Risk Factors for Subsequent Central Nervous System Tumors in Pediatric Allogeneic Hematopoietic Cell Transplant: A Study from the Center for International Blood and Marrow Transplant Research (CIBMTR).

Survivors of hematopoietic cell transplantation (HCT) are at risk of subsequent solid tumors, including central nervous system (CNS) tumors. The risk of CNS tumors after HCT in pediatric HCT recipients is not known. We evaluated the incidence and risk factors for CNS tumors in pediatric recipients of allogeneic HCT reported to the Center for International Blood and Marrow Transplant Research between 1976 and 2008. A case control design was used. There were no CNS tumors in the nonmalignant cohort (n  4543) or in those undergoing HCT for solid tumors (n  26). There were 59 CNS tumors in 8720 patients transplanted for hematologic malignancies. In comparison with the general population, pediatric HCT recipients with hematologic malignancies had a 33 times higher than expected rate of CNS tumors (95% confidence interval, 22.98 to 45.77; P  .0001). The cumulative incidence of subsequent CNS tumors was 1.29% (95% confidence interval .87 to 1.87) at 20 years after HCT. Significant risk factors in the entire cohort were having an unrelated donor (HR, 3.35; P  .0002) and CNS disease before HCT for both acute lymphoblastic leukemia (HR, 8.21; P  .0003) and acute myeloid leukemia (HR, 6.21; P  .0174). Analysis of the matched cohort showed having an unrelated donor transplant (HR, 4.79; P  .0037), CNS disease before HCT (HR, 7.67; P  .0064), and radiotherapy exposure before conditioning (HR, 3.7; P  .0234) to be significant risk factors. Chronic graft-versus-host disease was associated with a lower risk (HR, .29; P  .0143). Survivors of HCT for nonmalignant diseases did not show an increased incidence of CNS tumors, whereas survivors of hematologic malignancies have a markedly increased incidence of CNS tumors that warrants lifelong surveillance.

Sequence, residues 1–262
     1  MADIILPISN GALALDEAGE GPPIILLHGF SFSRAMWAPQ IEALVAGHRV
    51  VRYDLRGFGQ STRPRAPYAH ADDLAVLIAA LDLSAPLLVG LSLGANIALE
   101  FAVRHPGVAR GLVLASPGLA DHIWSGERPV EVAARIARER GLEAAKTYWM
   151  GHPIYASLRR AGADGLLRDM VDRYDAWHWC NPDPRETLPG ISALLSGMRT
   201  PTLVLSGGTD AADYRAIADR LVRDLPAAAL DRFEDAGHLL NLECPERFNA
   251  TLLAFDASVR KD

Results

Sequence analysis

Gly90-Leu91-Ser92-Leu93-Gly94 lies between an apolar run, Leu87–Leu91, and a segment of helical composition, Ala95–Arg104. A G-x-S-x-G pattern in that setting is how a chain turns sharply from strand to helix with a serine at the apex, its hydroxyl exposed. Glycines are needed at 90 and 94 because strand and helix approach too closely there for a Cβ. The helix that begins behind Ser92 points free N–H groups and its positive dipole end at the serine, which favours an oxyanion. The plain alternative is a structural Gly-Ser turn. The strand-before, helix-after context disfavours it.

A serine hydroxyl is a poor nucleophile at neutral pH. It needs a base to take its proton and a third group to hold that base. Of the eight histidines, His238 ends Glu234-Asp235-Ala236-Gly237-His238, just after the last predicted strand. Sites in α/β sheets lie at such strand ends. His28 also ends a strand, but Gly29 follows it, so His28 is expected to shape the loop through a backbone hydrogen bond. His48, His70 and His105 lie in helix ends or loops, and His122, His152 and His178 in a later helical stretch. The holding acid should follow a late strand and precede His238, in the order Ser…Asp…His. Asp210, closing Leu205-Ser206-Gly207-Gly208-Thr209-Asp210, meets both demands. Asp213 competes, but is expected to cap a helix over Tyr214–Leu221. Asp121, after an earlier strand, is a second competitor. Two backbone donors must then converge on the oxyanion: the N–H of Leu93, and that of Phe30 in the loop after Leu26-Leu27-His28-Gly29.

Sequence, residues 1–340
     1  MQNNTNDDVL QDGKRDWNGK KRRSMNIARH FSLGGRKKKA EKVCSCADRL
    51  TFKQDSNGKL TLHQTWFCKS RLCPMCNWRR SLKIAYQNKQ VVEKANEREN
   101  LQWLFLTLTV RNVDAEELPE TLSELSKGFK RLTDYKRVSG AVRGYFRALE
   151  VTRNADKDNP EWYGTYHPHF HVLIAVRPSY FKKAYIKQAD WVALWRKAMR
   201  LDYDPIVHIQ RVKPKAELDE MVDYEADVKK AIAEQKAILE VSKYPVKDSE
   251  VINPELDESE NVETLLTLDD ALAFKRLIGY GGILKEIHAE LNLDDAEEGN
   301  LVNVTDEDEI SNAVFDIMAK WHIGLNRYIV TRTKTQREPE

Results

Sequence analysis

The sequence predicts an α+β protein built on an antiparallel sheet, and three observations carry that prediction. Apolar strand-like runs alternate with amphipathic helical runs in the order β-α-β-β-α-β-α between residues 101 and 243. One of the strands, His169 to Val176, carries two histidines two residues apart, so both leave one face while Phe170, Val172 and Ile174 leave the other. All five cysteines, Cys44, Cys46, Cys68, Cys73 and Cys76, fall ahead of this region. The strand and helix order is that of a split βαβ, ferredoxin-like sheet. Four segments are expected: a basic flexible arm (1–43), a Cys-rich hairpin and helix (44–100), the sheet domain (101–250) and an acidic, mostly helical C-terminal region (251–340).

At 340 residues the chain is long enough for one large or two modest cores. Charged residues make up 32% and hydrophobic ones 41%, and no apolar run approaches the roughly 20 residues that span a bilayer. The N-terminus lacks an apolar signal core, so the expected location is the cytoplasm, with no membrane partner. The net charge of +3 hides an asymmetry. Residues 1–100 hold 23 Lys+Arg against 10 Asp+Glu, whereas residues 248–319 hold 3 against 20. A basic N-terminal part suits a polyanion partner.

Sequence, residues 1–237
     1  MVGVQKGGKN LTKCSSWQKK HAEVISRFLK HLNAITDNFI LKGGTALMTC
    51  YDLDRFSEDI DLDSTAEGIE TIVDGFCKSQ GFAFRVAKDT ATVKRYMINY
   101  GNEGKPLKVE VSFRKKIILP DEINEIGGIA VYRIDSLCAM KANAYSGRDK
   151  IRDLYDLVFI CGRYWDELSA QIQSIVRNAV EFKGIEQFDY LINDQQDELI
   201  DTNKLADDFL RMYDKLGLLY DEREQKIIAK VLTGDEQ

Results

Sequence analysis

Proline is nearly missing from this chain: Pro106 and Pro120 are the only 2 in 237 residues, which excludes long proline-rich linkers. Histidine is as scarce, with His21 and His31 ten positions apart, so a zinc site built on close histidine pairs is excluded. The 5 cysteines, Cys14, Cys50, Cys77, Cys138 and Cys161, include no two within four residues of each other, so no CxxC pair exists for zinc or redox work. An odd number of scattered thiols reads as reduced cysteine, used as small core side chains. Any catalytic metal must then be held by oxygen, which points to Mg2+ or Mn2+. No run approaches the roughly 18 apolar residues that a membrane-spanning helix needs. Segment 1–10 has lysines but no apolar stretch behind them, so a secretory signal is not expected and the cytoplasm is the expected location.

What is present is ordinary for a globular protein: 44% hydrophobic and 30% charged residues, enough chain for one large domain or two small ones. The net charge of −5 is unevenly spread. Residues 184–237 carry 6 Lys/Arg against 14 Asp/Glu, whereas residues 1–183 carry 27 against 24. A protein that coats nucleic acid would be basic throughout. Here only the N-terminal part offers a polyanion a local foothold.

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Will Bush

William S. Bush, Ph.D., is a human geneticist and bioinformatician, and Assistant Professor within the Cleveland Institute for Computational Biology and the Department of Population and Quantitative Health Sciences at Case Western Reserve University.